In the News: Breaking Religious Freedom Stories Across the Country

March 24, 2023
In the News Courtney | First Liberty Institute

Catch up on the latest and most important religious freedom headlines around the web.

Shut Out in San Diego?

First Liberty attorney Jeremy Dys published an op-ed for WORLD discussing Canyon Springs Church in San Diego. The church has held services inside San Diego Unified School District’s Marshall Middle School for years. But now activists are upset with the church’s use of the building and want the school district to end its rental agreement with the church. Dys writes:

“If any community group can rent a public school facility why exclude religious ones other than to be ideologically vindictive? Are churchgoers not taxpayers too? Do they not also have an interest in the community the school board represents and serves? Ideologically driven activists may not assert a secular monopoly over taxpayer-funded facilities.”

Restoring Faith in America: Kentucky Legislature Passes Bill to Protect Religious Freedom in Public Schools

The Kentucky Legislature recently passed House Bill 547, and it is now headed to Governor Andy Beshear’s desk. The legislation states that school districts cannot “punish or prohibit an employee from, or punish an employee for, engaging in private religious expression otherwise protected by the First Amendment to the United States Constitution.”

The bill allows public employees to:

  • Discuss religion and share religious materials with other employees in the same manner that employees are allowed to engage in nonreligious expression and discussions.
  • Gather with their peers for prayer or religious study during lunch breaks or after school.
  • Work as a sponsor of student religious club or organization.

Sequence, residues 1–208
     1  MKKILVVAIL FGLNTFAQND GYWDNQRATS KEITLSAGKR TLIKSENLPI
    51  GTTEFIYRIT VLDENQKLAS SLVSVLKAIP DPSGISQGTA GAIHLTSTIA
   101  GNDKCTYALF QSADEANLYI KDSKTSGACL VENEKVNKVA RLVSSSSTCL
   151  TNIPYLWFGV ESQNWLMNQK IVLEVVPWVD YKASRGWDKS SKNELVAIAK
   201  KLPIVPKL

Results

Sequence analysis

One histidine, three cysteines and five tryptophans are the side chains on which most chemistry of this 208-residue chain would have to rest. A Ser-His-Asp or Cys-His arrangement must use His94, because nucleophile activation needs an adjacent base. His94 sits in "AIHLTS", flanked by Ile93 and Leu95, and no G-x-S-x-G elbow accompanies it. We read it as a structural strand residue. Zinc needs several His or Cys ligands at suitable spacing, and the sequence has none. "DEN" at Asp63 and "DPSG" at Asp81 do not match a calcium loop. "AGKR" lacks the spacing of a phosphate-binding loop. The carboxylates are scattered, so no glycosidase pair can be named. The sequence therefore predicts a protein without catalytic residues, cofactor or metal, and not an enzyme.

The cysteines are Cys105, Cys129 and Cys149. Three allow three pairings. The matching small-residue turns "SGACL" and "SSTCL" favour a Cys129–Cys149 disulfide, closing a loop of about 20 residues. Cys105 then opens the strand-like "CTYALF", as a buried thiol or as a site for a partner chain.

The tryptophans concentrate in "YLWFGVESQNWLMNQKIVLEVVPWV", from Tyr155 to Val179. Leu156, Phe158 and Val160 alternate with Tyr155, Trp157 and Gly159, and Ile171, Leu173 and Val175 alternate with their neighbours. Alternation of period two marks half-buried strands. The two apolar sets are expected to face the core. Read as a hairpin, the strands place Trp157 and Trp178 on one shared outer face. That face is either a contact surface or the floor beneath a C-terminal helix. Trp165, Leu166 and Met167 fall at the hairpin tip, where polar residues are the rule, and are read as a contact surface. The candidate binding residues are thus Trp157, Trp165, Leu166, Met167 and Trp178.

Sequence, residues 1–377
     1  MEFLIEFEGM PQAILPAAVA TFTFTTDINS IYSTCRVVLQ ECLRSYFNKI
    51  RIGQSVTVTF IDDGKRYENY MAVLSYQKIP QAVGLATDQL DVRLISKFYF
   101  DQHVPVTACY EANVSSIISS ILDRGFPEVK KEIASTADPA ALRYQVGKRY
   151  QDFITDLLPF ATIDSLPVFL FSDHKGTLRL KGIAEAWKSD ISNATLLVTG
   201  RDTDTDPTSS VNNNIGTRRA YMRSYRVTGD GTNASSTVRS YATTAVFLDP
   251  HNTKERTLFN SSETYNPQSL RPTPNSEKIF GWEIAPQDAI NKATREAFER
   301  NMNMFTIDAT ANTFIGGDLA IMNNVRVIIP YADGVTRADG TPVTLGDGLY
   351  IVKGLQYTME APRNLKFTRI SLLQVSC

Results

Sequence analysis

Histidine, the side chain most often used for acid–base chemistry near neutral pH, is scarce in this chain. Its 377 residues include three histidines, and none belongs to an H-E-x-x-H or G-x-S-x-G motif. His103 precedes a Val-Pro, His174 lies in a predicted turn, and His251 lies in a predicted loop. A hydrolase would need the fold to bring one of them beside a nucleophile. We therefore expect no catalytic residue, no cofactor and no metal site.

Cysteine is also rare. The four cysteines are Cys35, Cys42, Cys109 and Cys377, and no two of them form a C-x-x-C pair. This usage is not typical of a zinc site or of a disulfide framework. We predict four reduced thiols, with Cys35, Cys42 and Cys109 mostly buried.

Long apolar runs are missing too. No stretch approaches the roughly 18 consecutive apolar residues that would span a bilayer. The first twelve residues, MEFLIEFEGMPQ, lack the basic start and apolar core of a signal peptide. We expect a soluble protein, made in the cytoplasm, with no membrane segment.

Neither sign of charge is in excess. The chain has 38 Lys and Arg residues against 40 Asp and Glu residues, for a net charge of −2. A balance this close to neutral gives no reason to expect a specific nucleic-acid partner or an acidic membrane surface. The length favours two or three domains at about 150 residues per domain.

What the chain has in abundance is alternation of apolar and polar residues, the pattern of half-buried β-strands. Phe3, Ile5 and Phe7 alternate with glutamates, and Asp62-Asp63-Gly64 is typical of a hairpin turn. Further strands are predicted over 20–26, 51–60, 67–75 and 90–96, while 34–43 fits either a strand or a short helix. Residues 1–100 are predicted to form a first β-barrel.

• Wear religious clothing, symbols, or jewelry.
  • Display religious items in personal workspaces.

Coach Joe Kennedy Finally Rehired After Religious Liberty Win at Supreme Court

The Daily Citizen reports: Joe Kennedy has officially been reinstated in his coaching position after being fired from his job back in 2015. Coach Kennedy was fired for taking a knee and quietly praying at the 50-yard line following football games. For eight long years, Coach Kennedy waged a lengthy legal battle, trying to vindicate both his right to freely exercise his religion and his free speech rights. His legal battle culminated in an important 6-3 ruling by the U.S. Supreme Court on June 27, 2022 in Kennedy v. Bremerton School District, where the high court ruled in favor of Coach Kennedy.

Michigan’s New SOGI Policy Threatens Religious Liberty 

WORLD reports: Michigan state legislators passed a bill adding sexual orientation and gender identity to the state’s nondiscrimination policy. But lawmakers in Michigan rejected a provision for religious accommodations. Some are worried that this will spell trouble for religious institutions, particularly those that adhere to more traditional views on marriage, sexuality, and gender.

Orthodox Jewish Parents Sue California for Ban on Special Ed Funds to Religious Schools